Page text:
The Flag of St David
The flag of St. David is depicted as a yellow cross on a black background, using the same dimensions as St. George’s Cross. The flag of St. David did not become part of public consciousness of the Welsh until 1994 and is used primarily to display dissatisfaction with the current flag. It has since become a famous symbol of Welsh patriotism alongside the Red Dragon, rather than in direct competition with it.
How the flag first came to be in use is somewhat of a mystery, but it is thought to have been designed to fly above Anglican churches in Wales. Whatever the flag’s origin, the colours of black and yellow have long been associated with Saint David, the Welsh Saint.
The flag of Owain Glyndŵr – Glyndŵr’s Banner
Four lions, alternating as red lions on a yellow background, and yellow lions on a red background, is the symbol of Owain Glyndwr. The flag has enjoyed a surge in popularity in recent years and is used by the National Eisteddfod for Wales and is also popular with pro-independence groups.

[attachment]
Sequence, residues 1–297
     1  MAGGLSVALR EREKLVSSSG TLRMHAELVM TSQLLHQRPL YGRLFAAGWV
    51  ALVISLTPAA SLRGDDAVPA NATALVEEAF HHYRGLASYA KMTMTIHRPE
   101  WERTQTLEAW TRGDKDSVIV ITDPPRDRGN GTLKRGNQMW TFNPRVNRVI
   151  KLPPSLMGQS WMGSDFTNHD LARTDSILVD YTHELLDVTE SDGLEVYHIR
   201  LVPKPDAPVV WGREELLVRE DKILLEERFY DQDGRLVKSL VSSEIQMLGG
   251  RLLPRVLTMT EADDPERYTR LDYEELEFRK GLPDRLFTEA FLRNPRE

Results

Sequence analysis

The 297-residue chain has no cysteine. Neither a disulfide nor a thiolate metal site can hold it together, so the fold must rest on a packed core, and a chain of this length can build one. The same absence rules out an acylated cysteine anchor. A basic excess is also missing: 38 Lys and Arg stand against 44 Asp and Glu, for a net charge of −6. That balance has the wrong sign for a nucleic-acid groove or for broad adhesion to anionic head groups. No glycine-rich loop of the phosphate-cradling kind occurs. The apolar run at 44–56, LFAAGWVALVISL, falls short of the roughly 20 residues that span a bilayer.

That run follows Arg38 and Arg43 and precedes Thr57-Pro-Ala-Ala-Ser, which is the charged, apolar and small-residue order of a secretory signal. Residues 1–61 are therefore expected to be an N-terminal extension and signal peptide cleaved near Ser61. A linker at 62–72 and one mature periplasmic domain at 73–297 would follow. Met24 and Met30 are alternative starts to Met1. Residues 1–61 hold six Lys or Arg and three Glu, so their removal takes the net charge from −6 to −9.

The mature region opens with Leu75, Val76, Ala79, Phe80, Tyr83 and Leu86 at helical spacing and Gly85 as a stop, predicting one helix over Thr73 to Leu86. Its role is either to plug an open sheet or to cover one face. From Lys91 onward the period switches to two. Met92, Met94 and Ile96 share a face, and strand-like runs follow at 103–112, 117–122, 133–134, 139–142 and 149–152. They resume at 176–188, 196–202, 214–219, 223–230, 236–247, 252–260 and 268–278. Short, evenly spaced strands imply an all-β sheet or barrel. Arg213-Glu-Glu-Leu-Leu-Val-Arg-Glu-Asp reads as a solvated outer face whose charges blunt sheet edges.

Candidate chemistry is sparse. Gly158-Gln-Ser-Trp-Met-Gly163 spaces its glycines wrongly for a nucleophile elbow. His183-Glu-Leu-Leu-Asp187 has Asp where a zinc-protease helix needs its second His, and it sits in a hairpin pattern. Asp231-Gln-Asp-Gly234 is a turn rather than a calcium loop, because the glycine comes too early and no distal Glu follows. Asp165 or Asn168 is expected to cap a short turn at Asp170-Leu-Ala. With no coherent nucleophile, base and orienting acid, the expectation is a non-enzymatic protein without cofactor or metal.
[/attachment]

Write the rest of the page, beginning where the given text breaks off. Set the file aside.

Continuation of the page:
Owain Glyndŵr was a Welsh leader who yearned for independence from English rule in the late middle ages. He led a long-running yet unsuccessful war of independence, but his name lives on alongside legends such as Arthur and Cynan. The origin of the design is thought to be inspired by the counter-charged arms of the Houses of Mathrafal and Dinefwr.
The Red Kite
The Red Kite is a source of great pride for the Welsh people. Under a century ago, there were only two breeding pairs in the country.
Now, when the Welsh look up, they may see hundreds of the magnificent birds soaring over rural areas around Wales. Red kite feeding stations provide opportunities for locals and visitors to view this magnificent bird up close.
The red kite is well-loved by the people, and they showed their adoration in 2007 by voting the red kite as the most popular bird in Wales, which also led to it being adopted as the national symbol of Wales for wildlife.